The words of Gandhari, Yato Dharmahstato Jayah (‘Where dharma is victory is surely there only’), are inscribed in Devanagari script on the semi circular strip on the Supreme Court’s emblem. I wonder at the wisdom of the person who chose this expression for being inscribed on that. This supreme law (‘Yato Yato Dharmahstato Jayah’) has been referred at several places in the Mahabharata by persons like Krishna, Sanjaya, Vidura, Vyasa and Gandhari. Before going to the battle field, Duryodhana went to his mother Gandhari for her blessings to achieve victory. She blessed him telling: “victory would go where dharma resides”. We all know that he fought bravely, but was defeated and killed. When the devastating war of the Mahabharata was over, the Pandavas, with their supreme mentor Krishna, went to meet Gandhari. So sore was that pious lady that she decided to curse them for having destroyed her sons and many others most venerated by all. The great Vyasa could see through his inner eyes that the Pandavas would be cursed, and would have to reap the consequences of her wrath. He ran to Gandhari to dissuade her from doing what she had contemplated to do. He told her that what had happened was the command of Dharma, and accorded well with her own verdict. Listening to this, she gave up the idea of cursing the Pandavas.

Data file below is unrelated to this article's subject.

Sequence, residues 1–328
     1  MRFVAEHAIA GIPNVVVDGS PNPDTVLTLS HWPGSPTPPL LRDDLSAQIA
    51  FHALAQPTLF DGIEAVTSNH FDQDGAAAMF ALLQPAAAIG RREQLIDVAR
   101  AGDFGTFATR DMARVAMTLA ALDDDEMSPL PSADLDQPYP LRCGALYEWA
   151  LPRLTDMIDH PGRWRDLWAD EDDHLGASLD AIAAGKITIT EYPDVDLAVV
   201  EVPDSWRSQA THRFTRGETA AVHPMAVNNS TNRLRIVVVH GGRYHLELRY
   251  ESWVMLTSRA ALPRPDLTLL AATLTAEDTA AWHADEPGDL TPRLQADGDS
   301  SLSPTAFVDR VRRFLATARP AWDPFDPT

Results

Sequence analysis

(v) The Flag

From afar, the tricolour flag of our nation can be seen atop the portico, resting on massive solid round pillars with decorated frieze on the capital. The verandah is most often crowded by the lawyers in black coats, coming out and going into the court rooms with alacrity and pace as if the doomsday is just round the corner. Our nation’s flag is an epic, a veritable reflecting-mirror of the values of our culture. We cannot be indifferent to this symbol of our nation. I was not much interested to know why and how the colours for our flag were chosen. What matters is the imagery it provides, and idioms in which it communicates. Its saffron top stresses not only the most admirable quality of detachment, but also it brings to mind the flag of Arjuna in the Mahabharata War, and also the great Bhagwa flag of our Shivaji the Great. The green down the flag represents the nation’s commitment to agriculture, and our obligations not to pollute nature and environment. The central band of our flag bears the image of a chakra (wheel) with 24 spokes. It symbolizes the famous Buddhist Dharmachakra suggesting our commitment to peace and spiritual values so important in our world of fast changing technology but stagnant, if not decadent, morality. I remember what decades back my father, himself a freedom-fighter, had told me that the Dharmachakra can turn into the Sudarshanchakra of Krishna,if dharma is ignored on account of the tainting factors like greed, lust, anger and fear. I enjoyed the great poetry expressed through the possibilities of the transformation of the Dharmachakra intothe Sudarshanchakra to undo injustice. I always salute the flag once a day when I enter the campus of the Court. I wish the Hon’ble Judges and the lawyers should also pay a daily homage to our flag.